by Sheriff Jim Wilson - Tuesday, April 8, 2014
That little gizmo, usually found on the left side of most auto pistols, is quite often misunderstood. Some folks continue to use it as a device to release the slide and allow it to return to battery, but that is simply not a good idea for the defensive shooter. Here are a few reasons why.
Using the slide stop to release the slide does not make full use of the spring that will drive the slide forward. Once in a while, the slide will fail to pick up a fresh round from the magazine, or it may not completely seat the new round in the chamber. In addition, using the slide stop as a release tends to accelerate the wear on the various parts involved.
Manipulating the external surface of the slide stop requires fine motor skills, and the use of fine motor skills are to be avoided by the defensive shooter whenever possible. Performing fine motor skills under the kind of pressure that one finds in a gunfight will often lead to fumbling, and fumbling slows down your response at a time when your response must be as quick and accurate as possible. In addition, should a person have to defend himself with a pistol other than his own, it quickly becomes apparent that slide stops are in different locations—depending upon the actual pistol used—and of various sizes, all of which leads to more fumbling.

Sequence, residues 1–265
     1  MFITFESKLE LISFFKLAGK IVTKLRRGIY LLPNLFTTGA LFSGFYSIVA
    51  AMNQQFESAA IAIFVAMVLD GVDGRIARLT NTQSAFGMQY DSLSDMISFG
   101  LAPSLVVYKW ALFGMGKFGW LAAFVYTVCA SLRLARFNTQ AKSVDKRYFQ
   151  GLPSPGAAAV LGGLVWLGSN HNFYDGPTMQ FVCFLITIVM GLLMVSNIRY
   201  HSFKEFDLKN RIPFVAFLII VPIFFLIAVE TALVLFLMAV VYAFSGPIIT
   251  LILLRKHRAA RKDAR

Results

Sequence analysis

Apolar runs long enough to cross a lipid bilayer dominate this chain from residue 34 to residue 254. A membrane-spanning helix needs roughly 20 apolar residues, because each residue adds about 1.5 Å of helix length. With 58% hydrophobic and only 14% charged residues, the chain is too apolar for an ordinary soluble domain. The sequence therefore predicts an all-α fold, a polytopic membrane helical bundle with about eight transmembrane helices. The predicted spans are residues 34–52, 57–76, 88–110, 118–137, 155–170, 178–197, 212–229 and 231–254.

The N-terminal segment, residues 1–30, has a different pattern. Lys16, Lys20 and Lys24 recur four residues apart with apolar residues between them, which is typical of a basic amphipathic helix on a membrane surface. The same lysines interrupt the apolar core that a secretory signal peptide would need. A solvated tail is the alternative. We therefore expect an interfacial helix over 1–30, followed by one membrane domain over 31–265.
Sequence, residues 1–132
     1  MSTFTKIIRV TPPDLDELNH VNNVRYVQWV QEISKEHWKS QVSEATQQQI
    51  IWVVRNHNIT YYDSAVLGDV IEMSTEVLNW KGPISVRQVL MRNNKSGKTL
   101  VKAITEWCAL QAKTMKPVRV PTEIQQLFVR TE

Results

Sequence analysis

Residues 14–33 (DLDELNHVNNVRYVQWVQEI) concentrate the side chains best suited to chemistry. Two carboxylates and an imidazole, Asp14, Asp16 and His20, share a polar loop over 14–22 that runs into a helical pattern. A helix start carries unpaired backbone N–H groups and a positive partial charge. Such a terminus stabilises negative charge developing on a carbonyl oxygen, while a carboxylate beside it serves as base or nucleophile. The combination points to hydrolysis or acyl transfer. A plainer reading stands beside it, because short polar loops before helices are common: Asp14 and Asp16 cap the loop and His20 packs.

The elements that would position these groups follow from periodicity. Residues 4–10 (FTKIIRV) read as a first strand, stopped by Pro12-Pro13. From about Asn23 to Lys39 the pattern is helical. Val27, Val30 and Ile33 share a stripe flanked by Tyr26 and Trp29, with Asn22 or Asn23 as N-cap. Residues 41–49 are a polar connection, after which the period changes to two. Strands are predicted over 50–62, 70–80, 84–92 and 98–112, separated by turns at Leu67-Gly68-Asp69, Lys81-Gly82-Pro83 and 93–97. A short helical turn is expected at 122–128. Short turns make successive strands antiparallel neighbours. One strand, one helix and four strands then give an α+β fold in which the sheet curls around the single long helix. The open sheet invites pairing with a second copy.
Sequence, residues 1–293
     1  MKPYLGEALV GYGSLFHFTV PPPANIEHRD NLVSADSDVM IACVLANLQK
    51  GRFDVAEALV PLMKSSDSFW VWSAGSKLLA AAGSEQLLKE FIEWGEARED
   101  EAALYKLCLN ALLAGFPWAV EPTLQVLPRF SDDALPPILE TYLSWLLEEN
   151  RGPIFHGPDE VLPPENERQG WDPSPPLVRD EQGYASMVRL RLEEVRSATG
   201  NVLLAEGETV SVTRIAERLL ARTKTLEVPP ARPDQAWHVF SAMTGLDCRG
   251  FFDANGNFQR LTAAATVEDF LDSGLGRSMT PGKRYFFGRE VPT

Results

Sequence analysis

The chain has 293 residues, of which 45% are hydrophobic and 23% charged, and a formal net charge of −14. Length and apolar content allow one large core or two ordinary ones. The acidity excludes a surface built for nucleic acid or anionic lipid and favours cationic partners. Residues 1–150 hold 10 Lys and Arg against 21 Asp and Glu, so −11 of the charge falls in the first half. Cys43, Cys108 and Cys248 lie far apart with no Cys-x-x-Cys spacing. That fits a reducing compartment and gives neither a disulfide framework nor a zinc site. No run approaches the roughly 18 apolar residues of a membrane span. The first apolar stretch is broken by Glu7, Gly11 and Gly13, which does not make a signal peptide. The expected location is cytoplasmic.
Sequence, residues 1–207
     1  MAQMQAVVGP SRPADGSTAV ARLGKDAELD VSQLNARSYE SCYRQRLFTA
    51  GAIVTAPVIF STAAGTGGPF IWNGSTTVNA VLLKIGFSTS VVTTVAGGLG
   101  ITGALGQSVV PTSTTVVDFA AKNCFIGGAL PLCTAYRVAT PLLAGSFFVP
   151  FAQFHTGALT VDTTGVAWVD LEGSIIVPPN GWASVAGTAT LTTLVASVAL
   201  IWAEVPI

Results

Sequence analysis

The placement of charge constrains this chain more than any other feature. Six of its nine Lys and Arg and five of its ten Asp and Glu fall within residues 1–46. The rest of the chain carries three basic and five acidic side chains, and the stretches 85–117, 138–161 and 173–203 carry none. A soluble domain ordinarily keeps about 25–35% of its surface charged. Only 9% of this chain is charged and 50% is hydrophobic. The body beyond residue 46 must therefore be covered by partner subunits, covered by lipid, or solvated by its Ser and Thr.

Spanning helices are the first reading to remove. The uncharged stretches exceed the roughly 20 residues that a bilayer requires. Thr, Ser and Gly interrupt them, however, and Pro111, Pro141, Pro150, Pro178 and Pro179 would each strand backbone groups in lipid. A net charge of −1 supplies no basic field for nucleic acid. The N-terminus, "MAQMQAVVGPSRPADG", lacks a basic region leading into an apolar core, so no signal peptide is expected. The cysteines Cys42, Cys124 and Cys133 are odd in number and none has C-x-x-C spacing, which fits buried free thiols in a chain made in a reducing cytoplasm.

Our pistol may come to slide lock because we have simply run out of ammo, or it may do so while we are clearing a malfunction. The most effective way to get the pistol back into battery is to grasp the slide on the top, just in front of the rear sight, using all of the fingers of the support hand (making sure that you don't run your support hand in front of the muzzle). The slide is grasped firmly and racked to the rear with a good deal of force before releasing it to allow it to pick up a fresh round and return to battery. Forget the slide stop, just rack the slide back with plenty of force. This will work with any pistol with which one has to fight and avoids the time wasted while looking for the various external controls.
Target shooters and casual plinkers have many methods of operating their pistols. However, the defensive shooter should not try to base his defensive plans on such techniques. The defensive shooter needs to find techniques that work under tremendous stress and require the use of as few fine motor skills as possible. It is not that other methods are wrong, it's just that this method is better.
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